This is the story of Peter Robinson and Dorrie Harris, taken from a collection of love letters sent during Wartime, compiled into a beautiful collection by Alastaur Massie and Frances Parton, in association with the National Army Museum.
The following is an extract from ‘Wives and Sweethearts’, page 72-14.
The British war effort in the First World War was backed by its world-wide empire. At Gallipoli in 1915 the British fought alongside Indian, Australian and New Zealand troops. The same year, during the Second Battle of Ypres, the Canadians won great renown by resisting the German offensive, notwithstanding their opponents’ first use of poison gas. Then, in 1916, South African troops were committed to the Western Front in France. Among their ranks was 28 year old Acting Bombardier Harry Robinson of the 71st Siege Battery, South African Heavy Artillery. Like many men of the dominions who answered the call of the mother country, Robinson – originally a sailor – was British-born, only immigrating to South Africa in the years immediately before the outbreak of war. His parents still lived in Blackheath, in south-east London.
Colonial troops serving in Europe thousands of miles from home were, for that reason, sometimes befriended by British women, often simply as pen-friends. Harry Robinson – who preferred to be called Peter – was taken up by one such girl, Enid Stanford, while training in England early in 1916. Enid knew just the person for Peter and effected an introduction to her friend Dorothy Harris, the twenty-year-old daughter of a prosperous farmer in Aston Abbots, near Aylesbury. Peter visited in February and was immediately taken with ‘Dorrie’. Therefore he wrote to her once or twice a week. By the time o his fourth letter Dorrie was his ‘petite demoiselle’. Peter became even more flirtatious in his eighth letter on 19 March 1916. There were rumours that his battery was about to leave for the front in France. He had to explain how he felt.
“Dorrie, there are so many things I wish to do before we go. Things are so different from peace-time when one can take one’s time and not be important. I almost blush when I try toimagine what you think of me for turning up so often and being so bold. If I am given time I am a very polite, slow-stepping individual. Can assure you that in peace-time if I had seen you every day for a month it would still be the case of Miss Harris and Mr Robinson and not for another six months would I have dared to give you even a 9-carat gold cap badge. But needs must when the devil drives…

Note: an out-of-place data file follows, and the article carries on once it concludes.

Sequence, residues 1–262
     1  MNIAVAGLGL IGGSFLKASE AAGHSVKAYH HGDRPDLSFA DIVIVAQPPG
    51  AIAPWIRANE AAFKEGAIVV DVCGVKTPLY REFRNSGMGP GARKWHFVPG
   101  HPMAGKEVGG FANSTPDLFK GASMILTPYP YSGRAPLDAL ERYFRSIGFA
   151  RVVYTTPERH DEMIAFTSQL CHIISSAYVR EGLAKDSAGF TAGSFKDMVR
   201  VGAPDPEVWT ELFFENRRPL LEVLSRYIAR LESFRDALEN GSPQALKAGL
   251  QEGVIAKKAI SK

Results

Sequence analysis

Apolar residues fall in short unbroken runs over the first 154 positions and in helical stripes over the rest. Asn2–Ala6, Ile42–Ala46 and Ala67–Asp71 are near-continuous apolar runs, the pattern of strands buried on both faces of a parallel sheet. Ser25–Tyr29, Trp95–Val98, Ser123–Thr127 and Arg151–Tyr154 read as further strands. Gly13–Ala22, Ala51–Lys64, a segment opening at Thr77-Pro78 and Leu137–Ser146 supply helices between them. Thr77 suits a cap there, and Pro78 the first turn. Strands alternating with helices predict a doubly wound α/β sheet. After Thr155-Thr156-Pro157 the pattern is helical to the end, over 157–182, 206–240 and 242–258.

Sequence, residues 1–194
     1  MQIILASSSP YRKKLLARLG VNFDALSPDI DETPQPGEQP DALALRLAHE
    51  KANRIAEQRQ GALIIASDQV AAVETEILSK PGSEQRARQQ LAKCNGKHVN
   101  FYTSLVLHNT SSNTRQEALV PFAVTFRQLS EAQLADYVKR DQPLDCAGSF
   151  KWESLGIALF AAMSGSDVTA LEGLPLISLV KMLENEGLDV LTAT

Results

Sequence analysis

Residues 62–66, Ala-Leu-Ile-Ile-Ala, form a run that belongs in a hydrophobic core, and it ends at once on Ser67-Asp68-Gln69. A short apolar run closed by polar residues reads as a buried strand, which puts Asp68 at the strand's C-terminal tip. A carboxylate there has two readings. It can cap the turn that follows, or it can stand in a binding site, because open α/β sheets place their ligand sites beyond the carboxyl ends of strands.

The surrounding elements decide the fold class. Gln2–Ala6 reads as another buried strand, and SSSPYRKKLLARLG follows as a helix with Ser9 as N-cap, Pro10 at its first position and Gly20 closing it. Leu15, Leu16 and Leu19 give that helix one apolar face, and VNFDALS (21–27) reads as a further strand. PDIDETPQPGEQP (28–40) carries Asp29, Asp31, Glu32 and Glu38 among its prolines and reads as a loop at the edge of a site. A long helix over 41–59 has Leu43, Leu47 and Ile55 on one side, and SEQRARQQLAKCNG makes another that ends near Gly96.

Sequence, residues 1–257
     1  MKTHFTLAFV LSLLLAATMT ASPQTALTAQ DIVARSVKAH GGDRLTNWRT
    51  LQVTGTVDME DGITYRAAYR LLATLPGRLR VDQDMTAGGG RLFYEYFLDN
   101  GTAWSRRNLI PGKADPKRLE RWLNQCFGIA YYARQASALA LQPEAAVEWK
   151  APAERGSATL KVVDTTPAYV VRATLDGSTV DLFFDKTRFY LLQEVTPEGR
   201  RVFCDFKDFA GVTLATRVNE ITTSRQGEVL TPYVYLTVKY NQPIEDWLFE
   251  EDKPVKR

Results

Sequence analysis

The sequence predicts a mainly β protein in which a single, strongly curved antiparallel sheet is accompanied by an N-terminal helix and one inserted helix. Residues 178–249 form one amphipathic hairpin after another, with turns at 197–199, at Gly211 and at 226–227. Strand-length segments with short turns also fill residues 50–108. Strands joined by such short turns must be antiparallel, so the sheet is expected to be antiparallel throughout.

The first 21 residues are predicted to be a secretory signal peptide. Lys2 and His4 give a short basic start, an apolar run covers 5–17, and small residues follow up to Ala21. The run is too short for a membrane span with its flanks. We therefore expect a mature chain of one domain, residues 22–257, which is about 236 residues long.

…Perhaps you will sympathise with me if you can imagine yourself going away from everyone and everything perhaps for ever I am quite harmless really, although I do like to preted I am a bit of a devil. But I am the prospect if having to go away soon.’
Although we only have, in the main, one side of the correspondence, it is clear that Dorothy was initially not unreceptive to Peter’s boldness, prompting him to reply:
‘…Thank you ever so much for your sweet, very Dorrie-like letter. But you must not tell me I am nice because people tell me I know that too well already. There you have it – I am conceited! I haven’t seen you cross yet – I must make you cross with me just to see.’
Unfortunately, it was not long before he succeeded. By 28 March, he has thrown off all restraint:
‘…Love never dies a natural death, but it may be killed- by starvation cruelty. That’s the only way it ends, I’m certain. You, I already know from happy experience, will not be cruel to my tender flame and somehow I do not think that it will expire for lack of fuel. I don’t mean to say that you will encourage it directly – it has only to think of you to shoot up into quite a dangerous blaze…
This is the first time I have written to you without my weighing my words.. Oh, I am glad I met you and I will every try to be a source of pleasure to you and never cause you to regret for a moment that you have been kind to me. If you have not found it out already you one day will find that most men abuse a women’s kindness, but I don’t think I do so… As I think of you I shall learn to love you more. I am so very happy you do not mind me telling you I love you. It is terrible to have to keep it to oneself.’
This declaration of love might have, by itself, been enough to give a sensible woman like Dorothy pause for thought. However, Peter hen wrote a second letter which proved altogether too much. Only in few instances do we know how she reacted to his high-flown rhetoric, but we do on this occasion because she drafted her response first.
I am so angry that I don’t know how to write to you. I received both your letters this morning. I have it, on your own authority, that you, being a gentleman, would never abuse a girls kindness, then you write and dare to suggest that I should envy your future wife and covet that honour myself! If that is not abusing my kindness, may I ask you what you consider would be? Because I allowed you to write pretty things to me (thinking it pleased you and did me no harm) is no reason for you to suppose that I’m in love with you. Your letter may of course be intended as a joke but if it is so it’s in the worst possible taste, and even though I’ve known you for such a very short time I didn’t expect it of you. If you still care to come down for the weekend after the following one I shall be as pleased as the others to see you, provided that your remember you have one seen me three times and apparently know me hardly at all…’
Ouch, Peter got burned. But do you think Dorothy ended up forgiving his forward ways? Or was this the last letter Peter ever recieved? Find out in ‘Wives and Sweethearts‘, avaible now in all good bookstores and online, published by Simonand Shuster.